Secretoneurin promotes pertussis toxin-sensitive neurite outgrowth in cerebellar granule cells
Version of Record online: 28 MAR 2003
Journal of Neurochemistry
Volume 85, Issue 3, pages 662–669, May 2003
How to Cite
Gasser, M. C., Berti, I., Hauser, K. F., Fischer-Colbrie, R. and Saria, A. (2003), Secretoneurin promotes pertussis toxin-sensitive neurite outgrowth in cerebellar granule cells. Journal of Neurochemistry, 85: 662–669. doi: 10.1046/j.1471-4159.2003.01677.x
- Issue online: 28 MAR 2003
- Version of Record online: 28 MAR 2003
- Received August 4, 2002; revised manuscript received December 17, 2002; accepted January 10, 2003.
- Balb/c mice;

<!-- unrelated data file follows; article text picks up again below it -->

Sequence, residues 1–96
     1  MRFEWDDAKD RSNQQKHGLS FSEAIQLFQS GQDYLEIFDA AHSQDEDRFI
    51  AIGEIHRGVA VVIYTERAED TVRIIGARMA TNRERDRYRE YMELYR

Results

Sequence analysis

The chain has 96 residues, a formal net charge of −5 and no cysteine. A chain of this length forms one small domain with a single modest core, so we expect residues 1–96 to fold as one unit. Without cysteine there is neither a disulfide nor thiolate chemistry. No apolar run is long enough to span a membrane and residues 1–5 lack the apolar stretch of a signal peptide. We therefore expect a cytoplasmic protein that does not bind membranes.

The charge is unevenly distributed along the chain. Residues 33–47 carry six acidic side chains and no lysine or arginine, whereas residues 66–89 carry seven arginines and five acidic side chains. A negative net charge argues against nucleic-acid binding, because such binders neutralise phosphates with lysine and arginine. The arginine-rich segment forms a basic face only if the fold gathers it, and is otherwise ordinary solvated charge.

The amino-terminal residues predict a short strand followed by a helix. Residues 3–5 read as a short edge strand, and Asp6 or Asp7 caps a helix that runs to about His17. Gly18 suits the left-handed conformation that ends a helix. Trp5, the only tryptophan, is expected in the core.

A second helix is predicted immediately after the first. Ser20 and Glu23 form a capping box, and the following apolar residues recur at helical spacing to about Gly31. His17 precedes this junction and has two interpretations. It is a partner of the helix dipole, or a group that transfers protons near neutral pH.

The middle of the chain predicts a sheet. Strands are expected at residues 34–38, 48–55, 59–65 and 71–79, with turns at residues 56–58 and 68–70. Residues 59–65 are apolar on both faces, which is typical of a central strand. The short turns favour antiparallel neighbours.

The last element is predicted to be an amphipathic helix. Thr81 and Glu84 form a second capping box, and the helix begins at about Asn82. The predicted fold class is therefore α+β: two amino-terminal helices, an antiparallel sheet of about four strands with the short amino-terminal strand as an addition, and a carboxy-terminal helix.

The neuropeptide secretoneurin (SN) is an endoproteolytic product of the chromogranin secretogranin II. We investigated the effects of SN on the differentiation of immature cerebellar granule cells derived from the external granular layer (EGL). Secretoneurin caused concentration-dependent increases in neurite outgrowth, reflecting differentiation. The maximum effect was reached at a concentration of 100 nm SN. Secretoneurin immunoneutralization using specific antiserum significantly decreased neurite outgrowth; however, neurite morphology was altered. An affinity chromatography-purified antibody significantly inhibited the outgrowth response to SN (p < 0.001) without altering the morphology. Binding studies suggest the existence of specific G-protein-coupled receptors on the surface of monocytes that recognize SN. Assuming that SN promotes neurite outgrowth in EGL cells by acting through a similar G-protein-coupled mechanism, we treated SN-stimulated EGL cultures with pertussis toxin. Exposure to pertussis toxin (0.1 µg/mL) showed a significant inhibition of the SN-induced outgrowth. To establish a second messenger pathway we used the protein kinase C inhibitor staurosporine. We found that EGL cell viability was not enhanced following chronic SN treatment for 24 h. These data indicate that SN is a novel trophic substance that can affect cerebellar maturation, primarily by accelerating granule cell differentiation through a signalling mechanism that is coupled to pertussis toxin-sensitive G-proteins.